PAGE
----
opponent-process theory

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The theory of colour vision put forward by the German psychologist and physiologist Ewald Hering (1834–1918), or any of its more recent variants, according to which there are three classes of bipolar photoreceptors or visual afferent neurons responding to white versus black, red versus green, and blue versus yellow differences in visible light. Physiological research has shown this theory to be essentially correct for stages of the visual system after the initial receptor stage, whereas the trichromatic theory, according to which colour vision depends on three types of receptors responsive to the primary colours (1), is essentially correct at the receptor level. Also called the tetrachromatic theory. See also achromatic system, blue-yellow cell, red-green cell.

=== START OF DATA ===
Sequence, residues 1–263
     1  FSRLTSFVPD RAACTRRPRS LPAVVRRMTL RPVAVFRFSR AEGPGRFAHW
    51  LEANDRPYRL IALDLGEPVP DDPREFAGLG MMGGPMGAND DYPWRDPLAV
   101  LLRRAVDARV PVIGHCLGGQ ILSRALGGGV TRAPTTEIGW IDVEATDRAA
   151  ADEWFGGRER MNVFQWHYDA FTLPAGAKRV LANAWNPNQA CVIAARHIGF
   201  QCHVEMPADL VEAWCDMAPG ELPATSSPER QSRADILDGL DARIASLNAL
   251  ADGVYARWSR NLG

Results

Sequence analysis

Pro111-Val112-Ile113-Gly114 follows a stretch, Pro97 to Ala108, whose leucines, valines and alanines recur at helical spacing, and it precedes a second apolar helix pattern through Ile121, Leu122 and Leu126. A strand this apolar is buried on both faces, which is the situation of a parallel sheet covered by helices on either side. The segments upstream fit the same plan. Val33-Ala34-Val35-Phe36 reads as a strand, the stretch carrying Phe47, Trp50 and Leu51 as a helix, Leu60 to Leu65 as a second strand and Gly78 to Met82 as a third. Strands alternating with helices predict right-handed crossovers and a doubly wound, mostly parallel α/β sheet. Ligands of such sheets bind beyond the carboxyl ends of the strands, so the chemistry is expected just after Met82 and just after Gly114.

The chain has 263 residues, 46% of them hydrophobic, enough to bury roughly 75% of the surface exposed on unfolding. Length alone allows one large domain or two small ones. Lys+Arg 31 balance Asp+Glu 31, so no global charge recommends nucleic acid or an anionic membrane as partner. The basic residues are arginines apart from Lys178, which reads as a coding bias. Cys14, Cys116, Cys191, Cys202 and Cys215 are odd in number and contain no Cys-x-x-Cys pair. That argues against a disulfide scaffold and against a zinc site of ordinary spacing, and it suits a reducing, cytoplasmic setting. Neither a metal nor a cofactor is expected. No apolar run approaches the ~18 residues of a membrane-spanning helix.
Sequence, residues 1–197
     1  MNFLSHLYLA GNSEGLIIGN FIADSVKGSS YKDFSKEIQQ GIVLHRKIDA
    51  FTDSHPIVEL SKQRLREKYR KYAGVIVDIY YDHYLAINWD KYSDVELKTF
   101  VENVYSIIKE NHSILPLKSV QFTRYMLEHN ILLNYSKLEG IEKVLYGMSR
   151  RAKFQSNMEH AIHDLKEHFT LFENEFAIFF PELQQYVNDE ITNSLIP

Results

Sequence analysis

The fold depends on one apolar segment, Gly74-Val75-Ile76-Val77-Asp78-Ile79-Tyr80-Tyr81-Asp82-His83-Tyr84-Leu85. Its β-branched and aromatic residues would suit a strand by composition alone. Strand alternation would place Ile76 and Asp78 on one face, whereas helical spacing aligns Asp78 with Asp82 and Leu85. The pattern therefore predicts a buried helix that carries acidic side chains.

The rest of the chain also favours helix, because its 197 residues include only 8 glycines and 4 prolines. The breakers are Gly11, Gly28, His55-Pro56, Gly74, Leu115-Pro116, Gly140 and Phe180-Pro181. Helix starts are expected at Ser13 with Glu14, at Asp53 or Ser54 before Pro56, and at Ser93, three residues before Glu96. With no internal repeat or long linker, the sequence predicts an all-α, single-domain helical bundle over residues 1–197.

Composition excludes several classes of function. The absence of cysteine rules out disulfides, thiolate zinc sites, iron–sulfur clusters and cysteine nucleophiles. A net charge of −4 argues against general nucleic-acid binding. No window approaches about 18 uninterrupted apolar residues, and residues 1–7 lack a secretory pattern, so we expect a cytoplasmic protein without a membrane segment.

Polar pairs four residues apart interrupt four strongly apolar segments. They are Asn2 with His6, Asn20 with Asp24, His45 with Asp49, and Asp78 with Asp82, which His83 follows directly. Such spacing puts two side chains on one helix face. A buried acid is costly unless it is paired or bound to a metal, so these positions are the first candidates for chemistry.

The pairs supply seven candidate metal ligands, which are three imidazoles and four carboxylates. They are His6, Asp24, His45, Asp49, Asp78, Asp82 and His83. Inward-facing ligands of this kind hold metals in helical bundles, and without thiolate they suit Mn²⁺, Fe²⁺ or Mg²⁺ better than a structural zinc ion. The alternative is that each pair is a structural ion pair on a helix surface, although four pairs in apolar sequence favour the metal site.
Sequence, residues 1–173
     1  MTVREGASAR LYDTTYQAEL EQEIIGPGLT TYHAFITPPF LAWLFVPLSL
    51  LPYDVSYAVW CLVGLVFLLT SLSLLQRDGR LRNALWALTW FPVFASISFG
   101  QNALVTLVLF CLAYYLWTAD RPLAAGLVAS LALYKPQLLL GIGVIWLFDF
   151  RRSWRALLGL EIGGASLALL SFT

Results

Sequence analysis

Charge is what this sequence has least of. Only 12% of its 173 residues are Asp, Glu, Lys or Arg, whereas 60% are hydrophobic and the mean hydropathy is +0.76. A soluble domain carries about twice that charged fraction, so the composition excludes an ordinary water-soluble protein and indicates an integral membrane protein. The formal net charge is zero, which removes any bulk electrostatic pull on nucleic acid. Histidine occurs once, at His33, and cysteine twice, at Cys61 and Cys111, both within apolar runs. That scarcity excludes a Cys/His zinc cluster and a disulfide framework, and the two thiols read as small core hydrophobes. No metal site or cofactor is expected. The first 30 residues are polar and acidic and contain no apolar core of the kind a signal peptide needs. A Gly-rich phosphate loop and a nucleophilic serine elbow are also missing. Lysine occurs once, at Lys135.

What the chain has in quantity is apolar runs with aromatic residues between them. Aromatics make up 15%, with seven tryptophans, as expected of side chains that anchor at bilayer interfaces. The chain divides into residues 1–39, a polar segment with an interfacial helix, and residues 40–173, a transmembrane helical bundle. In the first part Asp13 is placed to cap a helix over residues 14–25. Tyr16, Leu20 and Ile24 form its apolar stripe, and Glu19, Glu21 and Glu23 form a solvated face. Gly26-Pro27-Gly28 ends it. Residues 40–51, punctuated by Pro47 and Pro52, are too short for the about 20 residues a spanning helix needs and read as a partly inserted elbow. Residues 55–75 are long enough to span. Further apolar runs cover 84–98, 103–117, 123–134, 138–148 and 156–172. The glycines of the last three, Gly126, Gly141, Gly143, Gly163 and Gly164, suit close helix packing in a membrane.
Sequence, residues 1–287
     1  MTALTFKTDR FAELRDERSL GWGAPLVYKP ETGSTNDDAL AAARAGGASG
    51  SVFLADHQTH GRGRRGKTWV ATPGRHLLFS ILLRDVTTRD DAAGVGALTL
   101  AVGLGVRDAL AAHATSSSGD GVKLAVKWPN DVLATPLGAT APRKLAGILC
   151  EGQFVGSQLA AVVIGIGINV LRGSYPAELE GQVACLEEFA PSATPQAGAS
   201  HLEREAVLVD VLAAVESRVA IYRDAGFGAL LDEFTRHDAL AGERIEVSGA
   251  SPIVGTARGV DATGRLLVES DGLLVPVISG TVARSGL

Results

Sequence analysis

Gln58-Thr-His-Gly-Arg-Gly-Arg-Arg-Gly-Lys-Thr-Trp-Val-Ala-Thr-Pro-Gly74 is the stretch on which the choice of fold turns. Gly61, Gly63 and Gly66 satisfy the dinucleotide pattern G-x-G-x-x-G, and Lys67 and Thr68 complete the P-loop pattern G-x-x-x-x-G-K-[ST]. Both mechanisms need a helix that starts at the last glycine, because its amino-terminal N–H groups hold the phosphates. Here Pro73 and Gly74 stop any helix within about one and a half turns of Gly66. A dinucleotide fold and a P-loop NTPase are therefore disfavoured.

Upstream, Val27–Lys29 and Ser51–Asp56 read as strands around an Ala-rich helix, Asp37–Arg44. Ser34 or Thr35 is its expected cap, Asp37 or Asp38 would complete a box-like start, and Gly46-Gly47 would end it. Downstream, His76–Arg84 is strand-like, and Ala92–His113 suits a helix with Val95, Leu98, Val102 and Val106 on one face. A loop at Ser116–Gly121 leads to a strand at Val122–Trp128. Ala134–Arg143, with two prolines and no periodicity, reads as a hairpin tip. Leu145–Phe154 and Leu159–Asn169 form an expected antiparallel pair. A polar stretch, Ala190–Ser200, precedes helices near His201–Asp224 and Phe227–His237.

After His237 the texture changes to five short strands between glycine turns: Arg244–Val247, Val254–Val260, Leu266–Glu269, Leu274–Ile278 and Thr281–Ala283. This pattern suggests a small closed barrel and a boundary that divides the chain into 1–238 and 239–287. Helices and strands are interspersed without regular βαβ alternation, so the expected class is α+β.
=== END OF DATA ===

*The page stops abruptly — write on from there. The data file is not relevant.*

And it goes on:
Subjects: Psychology.

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